TRISH Ollman always believed the public health system would look after her if she was sick.
But facing years languishing without treatment, the disability pensioner now has other ideas.
She has already been trying to see a urologist for more than a year with her bladder no longer functioning properly.
Mrs Ollman can't urinate properly and without treatment or possible surgery she faces years of agony.
Despite her GP recently helping to escalate her urgency level to category two, she was shocked to discover she still faced an almost five-year - or up to 1700-day - wait just to get an appointment with a specialist.
If the specialist determines she needs surgery, it is only then she would be placed on the elective surgery waiting list and face more possible long delays.
Clinical guidelines state category two patients should ideally be seen within 90 days of being added to a waiting list.
"You could have picked me up off the floor," Mrs Ollman said.
"Back in November, I thought I'd be done with treatment by New Year so it was a huge shock."
Unable to live with her condition, which could deteriorate further, she and husband Ian now have to find the cash to pay for her treatment outright.
And things are already tight in the family, both living off pensions and with custody of their teenage daughter.
"I said to my doctor, I've got no other option do I?" Mrs Ollman said.
"If there's a 1700 day wait for a chronic illness that a doctor describes as serious then the system is dead."
"We'll just have to find the money and sell whatever we can.
"Knowing I've got no other option but to go private is really quite a strain."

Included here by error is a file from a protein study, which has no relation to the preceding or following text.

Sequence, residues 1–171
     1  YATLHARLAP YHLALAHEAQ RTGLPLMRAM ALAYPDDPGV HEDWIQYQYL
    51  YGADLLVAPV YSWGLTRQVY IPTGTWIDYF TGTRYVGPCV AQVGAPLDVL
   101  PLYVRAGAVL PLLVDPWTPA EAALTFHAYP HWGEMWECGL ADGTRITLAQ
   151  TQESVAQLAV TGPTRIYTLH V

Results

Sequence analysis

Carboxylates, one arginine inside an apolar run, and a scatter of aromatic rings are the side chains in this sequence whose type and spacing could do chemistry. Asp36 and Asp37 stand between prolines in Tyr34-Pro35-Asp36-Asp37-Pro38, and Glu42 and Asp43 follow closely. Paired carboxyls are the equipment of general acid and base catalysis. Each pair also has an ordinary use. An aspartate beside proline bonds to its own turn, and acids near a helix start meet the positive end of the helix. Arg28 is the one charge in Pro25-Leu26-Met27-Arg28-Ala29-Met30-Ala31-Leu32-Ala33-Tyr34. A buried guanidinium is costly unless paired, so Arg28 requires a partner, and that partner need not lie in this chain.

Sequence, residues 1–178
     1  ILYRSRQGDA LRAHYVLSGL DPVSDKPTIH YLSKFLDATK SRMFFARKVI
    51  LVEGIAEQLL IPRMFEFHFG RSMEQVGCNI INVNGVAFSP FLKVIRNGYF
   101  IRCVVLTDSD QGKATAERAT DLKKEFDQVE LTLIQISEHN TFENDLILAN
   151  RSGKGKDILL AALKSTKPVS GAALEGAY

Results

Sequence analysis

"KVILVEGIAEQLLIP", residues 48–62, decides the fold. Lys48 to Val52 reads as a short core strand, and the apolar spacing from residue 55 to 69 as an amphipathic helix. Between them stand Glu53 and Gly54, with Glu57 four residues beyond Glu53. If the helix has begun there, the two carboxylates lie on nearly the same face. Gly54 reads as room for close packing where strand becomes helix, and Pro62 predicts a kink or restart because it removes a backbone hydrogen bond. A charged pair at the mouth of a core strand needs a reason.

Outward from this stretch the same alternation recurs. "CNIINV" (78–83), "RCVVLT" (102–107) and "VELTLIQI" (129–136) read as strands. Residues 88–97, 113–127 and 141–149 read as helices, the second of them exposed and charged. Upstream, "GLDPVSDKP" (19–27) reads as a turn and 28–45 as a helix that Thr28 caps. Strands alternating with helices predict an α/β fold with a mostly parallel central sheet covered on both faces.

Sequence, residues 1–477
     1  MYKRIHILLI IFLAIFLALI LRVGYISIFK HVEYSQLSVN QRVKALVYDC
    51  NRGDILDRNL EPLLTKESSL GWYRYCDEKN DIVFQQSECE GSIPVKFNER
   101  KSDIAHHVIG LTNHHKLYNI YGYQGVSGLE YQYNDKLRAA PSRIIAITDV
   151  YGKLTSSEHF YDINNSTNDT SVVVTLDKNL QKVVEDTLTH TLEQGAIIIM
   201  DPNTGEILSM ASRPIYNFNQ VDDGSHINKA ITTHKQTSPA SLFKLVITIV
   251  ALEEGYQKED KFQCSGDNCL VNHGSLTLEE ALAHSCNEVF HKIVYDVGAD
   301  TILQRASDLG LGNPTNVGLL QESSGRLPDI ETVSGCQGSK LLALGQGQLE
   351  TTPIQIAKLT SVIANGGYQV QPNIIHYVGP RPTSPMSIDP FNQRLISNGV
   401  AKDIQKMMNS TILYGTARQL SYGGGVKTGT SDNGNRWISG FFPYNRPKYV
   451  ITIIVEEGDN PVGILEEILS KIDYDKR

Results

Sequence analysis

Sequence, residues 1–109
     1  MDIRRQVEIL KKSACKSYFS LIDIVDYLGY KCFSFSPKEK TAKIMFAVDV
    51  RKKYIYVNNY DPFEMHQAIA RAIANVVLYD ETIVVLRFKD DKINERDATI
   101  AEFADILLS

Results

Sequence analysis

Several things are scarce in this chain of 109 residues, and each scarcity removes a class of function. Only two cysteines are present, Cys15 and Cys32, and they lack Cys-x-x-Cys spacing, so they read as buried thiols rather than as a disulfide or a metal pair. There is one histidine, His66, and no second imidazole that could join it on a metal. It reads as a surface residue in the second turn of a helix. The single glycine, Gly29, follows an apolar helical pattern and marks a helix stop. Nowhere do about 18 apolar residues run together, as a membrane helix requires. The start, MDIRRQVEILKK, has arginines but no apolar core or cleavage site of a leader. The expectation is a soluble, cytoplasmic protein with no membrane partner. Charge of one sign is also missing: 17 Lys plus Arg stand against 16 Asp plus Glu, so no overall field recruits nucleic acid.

The unknown is placing further stress on Mrs Ollman, with her condition unable to even be diagnosed until she is seen by a urologist.
"ACT Health should hang their heads in shame," she said.
"I'm just very very disappointed and find the whole thing unbelievable.
"If there's a 1700-day wait for a chronic illness that a doctor describes as serious then the system is dead.
"If it's come to this, the system needs a complete overhaul."
And Mrs Ollman's story is not unique, with patients and doctors telling similar stories to The Canberra Times.
An orthopedic patient - who has already been waiting to see a specialist for nearly two years - was recently told it could be a further 800 days before he gets an appointment with a surgeon.
ACT Health said it had experienced workforce issues in urology following the loss of its training accreditation in 2015.
"This issue has now been rectified and in late 2017 we were reaccredited," a spokesman said.
"We now have several advanced trainee registrars working in urology and over the next 18 months we expect to see a significant reduction in the urology wait list.
"This will include no category two urology patients waiting over 1000 days by the end of this calendar year."